continues to be one of our top priorities.
The College of Agricultural and Life Sciences the teaching arm of the University of
Florida's Institute of Food and Agricultural Sciences is Florida's only comprehensive
academic program of its kind, providing academic programs in food. agriculture, natural
resources, and human and life sciences. UF/IFAS has a mandate to teach courses and
offer academic degree programs throughout the state.
With the addition of a new joint academic partnership program at Hillsborough
Community College in Plant City, UF's College of Agricultural and Life Sciences now
Vicel i Psefr A r offers degree programs at six locations around the state. UF degree programs on the
Treasure Coast have been enhanced by a new $3.9 million teaching facility addition at
UF's Indian River Research and Education Center in Fort Pierce. Following dedication
ceremonies in April, Treasure Coast newspaper editorials were very supportive of our
efforts to expand education programs and partnerships in the region.
The past decade has been one of change for the UF college. Innovation and
improvements, including the new Doctor of Plant Medicine program, have helped boost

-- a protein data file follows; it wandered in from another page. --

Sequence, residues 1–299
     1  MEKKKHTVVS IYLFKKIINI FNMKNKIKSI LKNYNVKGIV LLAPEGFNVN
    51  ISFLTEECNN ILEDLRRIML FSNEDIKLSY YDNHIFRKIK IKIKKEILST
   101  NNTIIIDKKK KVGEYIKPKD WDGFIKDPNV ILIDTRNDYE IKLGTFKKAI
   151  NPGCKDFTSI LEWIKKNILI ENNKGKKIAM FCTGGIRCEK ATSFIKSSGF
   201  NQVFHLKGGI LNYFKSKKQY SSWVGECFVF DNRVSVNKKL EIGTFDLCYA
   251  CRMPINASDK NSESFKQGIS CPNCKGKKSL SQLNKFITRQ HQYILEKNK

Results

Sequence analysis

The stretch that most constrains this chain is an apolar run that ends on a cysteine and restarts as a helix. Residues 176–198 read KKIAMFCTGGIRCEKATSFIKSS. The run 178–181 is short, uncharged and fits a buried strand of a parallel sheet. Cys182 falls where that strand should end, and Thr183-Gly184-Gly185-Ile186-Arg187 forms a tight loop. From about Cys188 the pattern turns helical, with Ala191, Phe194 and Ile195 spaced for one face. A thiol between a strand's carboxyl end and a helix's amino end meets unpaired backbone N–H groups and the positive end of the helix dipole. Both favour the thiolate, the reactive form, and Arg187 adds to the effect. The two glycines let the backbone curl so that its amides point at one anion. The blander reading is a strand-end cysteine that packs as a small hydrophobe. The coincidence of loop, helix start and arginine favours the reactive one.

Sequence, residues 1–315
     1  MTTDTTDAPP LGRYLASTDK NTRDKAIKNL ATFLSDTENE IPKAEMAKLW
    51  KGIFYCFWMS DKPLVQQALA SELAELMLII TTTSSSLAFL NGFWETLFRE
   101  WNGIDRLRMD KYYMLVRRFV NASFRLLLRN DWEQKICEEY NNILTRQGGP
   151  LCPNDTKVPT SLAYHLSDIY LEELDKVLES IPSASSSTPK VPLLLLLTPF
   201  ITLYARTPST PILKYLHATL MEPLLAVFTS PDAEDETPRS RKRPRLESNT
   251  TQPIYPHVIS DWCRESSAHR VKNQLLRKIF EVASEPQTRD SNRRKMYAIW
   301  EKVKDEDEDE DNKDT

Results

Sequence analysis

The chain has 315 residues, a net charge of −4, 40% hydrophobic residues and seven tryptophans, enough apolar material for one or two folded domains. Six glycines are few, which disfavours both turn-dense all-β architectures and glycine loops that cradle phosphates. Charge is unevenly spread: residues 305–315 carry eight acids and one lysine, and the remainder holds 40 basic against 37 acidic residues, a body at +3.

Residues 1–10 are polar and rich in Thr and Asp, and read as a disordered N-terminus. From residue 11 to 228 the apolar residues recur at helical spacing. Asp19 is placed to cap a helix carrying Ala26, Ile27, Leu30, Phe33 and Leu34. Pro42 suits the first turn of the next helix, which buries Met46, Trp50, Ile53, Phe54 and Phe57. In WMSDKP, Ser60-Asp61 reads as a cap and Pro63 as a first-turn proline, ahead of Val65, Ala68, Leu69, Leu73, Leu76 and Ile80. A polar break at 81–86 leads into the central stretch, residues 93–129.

enrollment by more than 150 percent. Women and minorities are now a significant part
of the enrollment. Distance education is playing a major role in delivering courses and
degree programs to off-campus research and education centers, allowing students to earn
degrees from UF without having to take courses in Gainesville. Partnerships with other
state universities and community colleges are expanding our ability to serve students
around the state.
And our students continue to earn national recognition through various
organizations such as NAMA (National Agri-Marketing Association) and MANRRS
(Minorities in Agriculture, Natural Resources and Related Sciences).
This issue of IMPACT magazine details some of the many ways UF/IFAS is meeting
the human resource needs of the agricultural and natural resource industries in Florida,
the nation and worldwide. UF's College of Agricultural and Life Sciences, including the
School of Forest Resources and Conservation, is dedicated to developing "society-ready"
graduates equipped to meet the demands of today's complex and changing marketplace.


IMPACT is published by the